Earlier this month I had the fortune of traveling down to Austin, Texas with Joe Gagnon, Aspect’s SVP and GM of Cloud Solutions, a title which Joe himself will tell you does not do his mission complete justice. Yes, Joe is responsible for the strategic vision and executional success of Aspect’s cloud business but he is also somewhat of our Chief Travel Officer because he has hands down traveled more in a calendar year than any other Aspect executive. You could also adorn him with the title of CSO or Chief Storyteller because rarely does a conversation go by without a stat cited or a personal anecdote added on virtually any topic you can think of. But really he is our CVO, our Chief Vision Officer.
We came down to Austin to tease out some upcoming survey findings we have on Millennials and customer service. Some pretty interesting insight on how this growing demographic is set to radically change how companies approach customer service: higher demand for self-service and digital interaction with ever-increasing expectations of customer service. We teamed up with noted Millennial expert Jason Dorsey (that’s him on the left) otherwise know as the Gen Y Guy. Jason’s understanding of Millennials was key to helping us discover what this generation wanted from the companies they do business with. Jason’s research tells us that Millennials don’t carry cash and largely don’t believe that money is the best measure of success. And perhaps most importantly to our research, is that Millennials have a lower level of trust as compared to other generations. It was with little surprise then when the survey data told us that 72% of millennials said customer service is the “true test” of how important they are to a company.
In Austin, Joe and Jason teamed up to do a panel at SXSW on Solving the Millennial Content Challenge. They got together the night before to talk about what they wanted to say. Actually, they had so much they wanted to talk about, the conversation was more about what they were not going to be able to say. The data is so interesting. For example, did you know of the people we polled, nearly a third of them would rather clean a toilet than speak to customer service? Central to their talk was that companies are doing customer service wrong.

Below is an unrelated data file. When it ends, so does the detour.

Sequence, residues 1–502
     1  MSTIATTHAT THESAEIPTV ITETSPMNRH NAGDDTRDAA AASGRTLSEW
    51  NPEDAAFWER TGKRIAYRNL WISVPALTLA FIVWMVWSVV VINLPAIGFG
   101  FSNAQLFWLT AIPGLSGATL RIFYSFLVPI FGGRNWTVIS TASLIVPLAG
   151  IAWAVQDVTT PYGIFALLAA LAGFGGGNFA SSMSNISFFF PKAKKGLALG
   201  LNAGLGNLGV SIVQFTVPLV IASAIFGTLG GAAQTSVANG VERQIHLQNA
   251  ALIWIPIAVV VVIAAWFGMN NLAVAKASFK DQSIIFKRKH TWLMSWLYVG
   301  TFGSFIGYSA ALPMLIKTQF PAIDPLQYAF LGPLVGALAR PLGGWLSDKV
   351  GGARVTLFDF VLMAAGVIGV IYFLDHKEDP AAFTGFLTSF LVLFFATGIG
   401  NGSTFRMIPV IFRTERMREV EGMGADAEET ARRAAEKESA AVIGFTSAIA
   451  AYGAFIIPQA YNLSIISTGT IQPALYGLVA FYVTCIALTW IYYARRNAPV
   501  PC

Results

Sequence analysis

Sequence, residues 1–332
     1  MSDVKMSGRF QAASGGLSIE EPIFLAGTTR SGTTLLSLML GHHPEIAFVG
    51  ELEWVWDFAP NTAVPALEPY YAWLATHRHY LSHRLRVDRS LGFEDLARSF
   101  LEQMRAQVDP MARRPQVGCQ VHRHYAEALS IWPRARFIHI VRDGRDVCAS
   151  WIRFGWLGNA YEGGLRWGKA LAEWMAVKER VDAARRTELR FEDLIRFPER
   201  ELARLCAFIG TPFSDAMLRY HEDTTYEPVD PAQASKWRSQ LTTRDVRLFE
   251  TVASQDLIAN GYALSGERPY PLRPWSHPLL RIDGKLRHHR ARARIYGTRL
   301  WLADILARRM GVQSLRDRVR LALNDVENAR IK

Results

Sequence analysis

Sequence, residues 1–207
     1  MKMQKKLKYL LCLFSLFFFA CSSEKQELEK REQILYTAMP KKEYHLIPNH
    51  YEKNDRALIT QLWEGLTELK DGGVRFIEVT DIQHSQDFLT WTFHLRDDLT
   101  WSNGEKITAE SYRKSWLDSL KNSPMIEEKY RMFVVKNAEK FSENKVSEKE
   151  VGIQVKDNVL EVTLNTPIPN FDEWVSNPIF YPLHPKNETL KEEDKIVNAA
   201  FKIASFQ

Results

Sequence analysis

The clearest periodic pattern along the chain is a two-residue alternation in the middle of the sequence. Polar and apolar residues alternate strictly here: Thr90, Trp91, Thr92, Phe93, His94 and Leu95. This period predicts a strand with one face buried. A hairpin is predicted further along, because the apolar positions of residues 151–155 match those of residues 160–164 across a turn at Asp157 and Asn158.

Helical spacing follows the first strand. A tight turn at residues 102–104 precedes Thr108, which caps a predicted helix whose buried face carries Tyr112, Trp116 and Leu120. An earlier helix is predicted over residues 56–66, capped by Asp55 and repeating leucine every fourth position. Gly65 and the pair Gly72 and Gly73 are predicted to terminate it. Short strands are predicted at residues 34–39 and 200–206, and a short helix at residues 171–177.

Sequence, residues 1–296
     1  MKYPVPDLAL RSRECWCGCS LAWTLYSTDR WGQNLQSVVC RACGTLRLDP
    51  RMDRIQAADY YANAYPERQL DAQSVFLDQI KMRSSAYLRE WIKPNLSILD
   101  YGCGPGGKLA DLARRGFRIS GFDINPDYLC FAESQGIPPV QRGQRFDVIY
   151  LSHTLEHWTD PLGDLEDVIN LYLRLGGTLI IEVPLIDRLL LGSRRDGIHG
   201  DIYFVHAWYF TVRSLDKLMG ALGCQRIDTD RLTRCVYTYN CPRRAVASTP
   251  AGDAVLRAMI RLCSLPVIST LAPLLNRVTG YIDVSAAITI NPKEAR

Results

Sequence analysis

But being heard at SXSW is easier said than done. The key to making a splash at SXSW is announcing a video broadcast app like Meerkat or Periscope. But since we didn’t have an app like that, we had to figure out how to cut through the clutter. As you can see from the schedule, there is a lot of clutter.
Here is the first hint at solving the Millennial content challenge: Make it digital. If you can’t reach a Millennial on his or her phone you can forget about them entirely. Our research found that 50 percent of Millennials said their smartphones are more important to them than their computers. Can you imagine then how much more important their smartphones are to them than being spammed by a lot of worthless information? We didn’t ask that but I’m guessing a ton. Also no word on if this guy ever took back his Internet.